(This planning application was subsequently refused.)
This surely ticks all the environmental boxes, and has the potential to raise awareness of possibility everywhere.
A World without corporate advertising is possible. See the experience of Sao Paolo
People in Bristol started a campaign in 2012. Time to revive this debate and make it happen.
Where better to start this fight than here in Stokes Croft during Bristol Green Capital year 2015?
If we receive the seed funding that we have requested, then we will start immediately to negotiate with the owners Insite City Investments with a view to purchase. The seed funding will give sufficient credibility to launch other funding bids and to initiate crowd funding.
We have approached Stuart Wellman, company director, in the recent past, and he has indicated to me (Chris Chalkley) that his company would be in principle interested in selling at market rate.
As soon as purchase is achieved, then all sorts of possibilities open up. Sorely needed public toilets are an option. The advertising hoarding would either go, or be used as the basis for artwork. Walls could be repaired, and planting take place. There are already plans in place for guerrilla gardened fruit trees on this space.
The real gain in all of this is that we start the campaign in a very real and concrete way, to remove outdoor advertising from everywhere.
Our relationship with Stuart wellman is friendly. The likely market value of this spot is in the region of £300k. This is based on the amount charged by them to Primesite, the advertising company who pay Insite in the region of £25-30k p.a . It is thought that corporate advertisers pay in the region of £1500 pw for this site, which is a staggering figure, and indicates the value of advertising in keeping us all consuming merrily.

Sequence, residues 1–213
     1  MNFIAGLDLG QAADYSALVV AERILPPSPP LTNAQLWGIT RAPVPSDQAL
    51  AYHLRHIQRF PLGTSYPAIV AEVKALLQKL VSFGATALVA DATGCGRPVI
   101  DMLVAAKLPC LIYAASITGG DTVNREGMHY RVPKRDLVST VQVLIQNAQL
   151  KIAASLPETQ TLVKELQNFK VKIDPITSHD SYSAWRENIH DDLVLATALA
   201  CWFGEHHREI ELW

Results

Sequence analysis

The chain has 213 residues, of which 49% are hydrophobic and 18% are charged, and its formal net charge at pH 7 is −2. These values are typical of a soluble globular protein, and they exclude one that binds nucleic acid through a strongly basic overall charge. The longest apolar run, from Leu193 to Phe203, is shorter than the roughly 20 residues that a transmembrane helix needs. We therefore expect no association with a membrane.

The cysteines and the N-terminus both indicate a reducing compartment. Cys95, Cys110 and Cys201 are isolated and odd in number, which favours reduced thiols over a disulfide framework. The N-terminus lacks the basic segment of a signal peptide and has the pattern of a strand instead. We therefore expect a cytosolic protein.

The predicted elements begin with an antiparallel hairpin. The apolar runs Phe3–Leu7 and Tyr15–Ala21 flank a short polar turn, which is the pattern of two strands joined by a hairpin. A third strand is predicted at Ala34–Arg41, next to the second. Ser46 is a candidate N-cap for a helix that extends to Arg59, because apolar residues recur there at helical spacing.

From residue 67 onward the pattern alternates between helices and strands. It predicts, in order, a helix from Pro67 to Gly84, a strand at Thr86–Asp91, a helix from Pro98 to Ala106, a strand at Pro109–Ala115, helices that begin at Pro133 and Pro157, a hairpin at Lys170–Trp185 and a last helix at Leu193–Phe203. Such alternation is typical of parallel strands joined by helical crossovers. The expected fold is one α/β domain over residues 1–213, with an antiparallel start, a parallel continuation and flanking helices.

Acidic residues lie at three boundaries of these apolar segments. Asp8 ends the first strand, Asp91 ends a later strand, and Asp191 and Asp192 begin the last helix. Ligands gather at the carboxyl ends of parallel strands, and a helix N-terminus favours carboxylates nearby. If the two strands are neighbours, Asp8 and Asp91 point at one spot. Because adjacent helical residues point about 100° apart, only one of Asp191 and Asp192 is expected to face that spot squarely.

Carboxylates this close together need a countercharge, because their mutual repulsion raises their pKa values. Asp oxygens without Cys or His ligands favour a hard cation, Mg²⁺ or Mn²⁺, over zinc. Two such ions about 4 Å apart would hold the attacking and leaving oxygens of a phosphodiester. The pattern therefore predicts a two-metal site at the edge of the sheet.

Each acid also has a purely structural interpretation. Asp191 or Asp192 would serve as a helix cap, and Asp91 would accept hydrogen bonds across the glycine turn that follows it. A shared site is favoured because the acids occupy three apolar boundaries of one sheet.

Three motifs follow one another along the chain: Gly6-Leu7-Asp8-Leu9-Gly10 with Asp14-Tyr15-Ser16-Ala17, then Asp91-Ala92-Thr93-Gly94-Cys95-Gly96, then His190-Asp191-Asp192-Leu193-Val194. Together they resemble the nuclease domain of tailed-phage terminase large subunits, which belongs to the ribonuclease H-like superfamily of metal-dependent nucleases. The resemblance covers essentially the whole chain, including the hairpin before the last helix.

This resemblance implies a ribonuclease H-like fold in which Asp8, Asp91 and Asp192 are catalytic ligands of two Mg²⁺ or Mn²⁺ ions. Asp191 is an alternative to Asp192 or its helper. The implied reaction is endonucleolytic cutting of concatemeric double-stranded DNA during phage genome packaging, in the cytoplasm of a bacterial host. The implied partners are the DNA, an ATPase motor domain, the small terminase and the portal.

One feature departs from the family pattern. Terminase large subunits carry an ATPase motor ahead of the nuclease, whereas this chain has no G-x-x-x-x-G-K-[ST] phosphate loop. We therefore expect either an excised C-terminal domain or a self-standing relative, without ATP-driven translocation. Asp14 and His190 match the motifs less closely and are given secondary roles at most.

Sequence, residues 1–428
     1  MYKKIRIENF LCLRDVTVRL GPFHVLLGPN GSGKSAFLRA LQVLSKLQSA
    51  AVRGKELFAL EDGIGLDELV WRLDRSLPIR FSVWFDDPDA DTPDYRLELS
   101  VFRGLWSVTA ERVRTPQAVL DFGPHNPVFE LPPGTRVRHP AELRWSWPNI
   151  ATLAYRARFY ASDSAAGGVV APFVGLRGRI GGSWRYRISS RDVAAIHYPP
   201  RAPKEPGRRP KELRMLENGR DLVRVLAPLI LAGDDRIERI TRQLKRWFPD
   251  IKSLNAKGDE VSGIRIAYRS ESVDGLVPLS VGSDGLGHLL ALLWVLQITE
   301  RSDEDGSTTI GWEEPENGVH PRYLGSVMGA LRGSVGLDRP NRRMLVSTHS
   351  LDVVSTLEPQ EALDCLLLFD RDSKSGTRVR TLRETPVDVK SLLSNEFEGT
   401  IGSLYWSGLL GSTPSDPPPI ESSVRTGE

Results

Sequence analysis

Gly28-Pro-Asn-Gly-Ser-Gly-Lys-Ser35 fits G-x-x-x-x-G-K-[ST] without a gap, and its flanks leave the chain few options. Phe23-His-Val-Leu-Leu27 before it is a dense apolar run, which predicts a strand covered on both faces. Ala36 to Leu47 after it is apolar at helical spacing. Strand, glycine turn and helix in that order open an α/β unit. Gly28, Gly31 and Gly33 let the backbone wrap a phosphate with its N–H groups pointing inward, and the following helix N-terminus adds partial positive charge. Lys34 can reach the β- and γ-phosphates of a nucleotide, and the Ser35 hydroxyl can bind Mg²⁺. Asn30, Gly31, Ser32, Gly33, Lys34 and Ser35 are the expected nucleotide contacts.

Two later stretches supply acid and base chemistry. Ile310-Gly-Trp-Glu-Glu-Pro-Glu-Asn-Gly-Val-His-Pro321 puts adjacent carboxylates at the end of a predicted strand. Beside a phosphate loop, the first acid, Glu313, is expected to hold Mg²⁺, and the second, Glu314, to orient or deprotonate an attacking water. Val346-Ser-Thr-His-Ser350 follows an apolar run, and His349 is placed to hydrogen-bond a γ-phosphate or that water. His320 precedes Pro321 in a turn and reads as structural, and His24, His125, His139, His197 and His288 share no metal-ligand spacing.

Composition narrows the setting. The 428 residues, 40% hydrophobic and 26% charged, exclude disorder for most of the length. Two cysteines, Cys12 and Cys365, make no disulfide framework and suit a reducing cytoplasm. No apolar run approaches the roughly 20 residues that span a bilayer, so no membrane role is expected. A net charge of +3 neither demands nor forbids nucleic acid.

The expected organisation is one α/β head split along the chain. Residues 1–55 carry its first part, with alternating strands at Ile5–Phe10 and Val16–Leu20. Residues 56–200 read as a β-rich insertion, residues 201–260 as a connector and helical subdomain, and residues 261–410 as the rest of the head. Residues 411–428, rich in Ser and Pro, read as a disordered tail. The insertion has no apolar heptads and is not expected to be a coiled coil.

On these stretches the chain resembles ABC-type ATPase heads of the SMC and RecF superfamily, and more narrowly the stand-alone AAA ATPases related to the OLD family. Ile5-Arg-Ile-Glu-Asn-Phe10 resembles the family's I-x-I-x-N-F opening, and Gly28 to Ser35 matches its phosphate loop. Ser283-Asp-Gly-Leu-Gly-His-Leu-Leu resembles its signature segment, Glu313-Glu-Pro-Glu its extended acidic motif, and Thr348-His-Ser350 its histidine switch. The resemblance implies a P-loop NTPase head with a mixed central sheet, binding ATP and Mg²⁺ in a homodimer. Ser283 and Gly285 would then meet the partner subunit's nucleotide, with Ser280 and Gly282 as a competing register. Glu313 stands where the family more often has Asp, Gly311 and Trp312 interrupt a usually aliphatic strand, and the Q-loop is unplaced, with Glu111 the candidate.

The process of attempting purchase would in itself raise exactly the kind of debate a committed environmentalist would wish for.
Add that to the visual debate that currently takes place here in the form of an outdoor gallery and you have a compelling story… which is exactly what we need.
The central player in the purchase would be the newly formed Stokes Croft Land Trust, a nascent organisation that seeks to affect the destiny of the area through property stewardship, recognising as it does, that ownership is the only sure way for a community to have any control over its own destiny. PRSC has set this up as a co-operative for Community Benefit over the last year, so the vehicle is very much in place for making this happen.
We would requir £50k as seed capital to put the wheels in motion, kept in trust by SCLT, repayable if the bid failed.
The results will be plain to see. No more advertising billboard, and more outdoor gallery. More space for voice and beauty. The results will be measured in the people who rest awhile in the space, and the fruit that will grow where drunks used to push each other into the bushes…
We will all see the change, from our studio windows, and as we pass by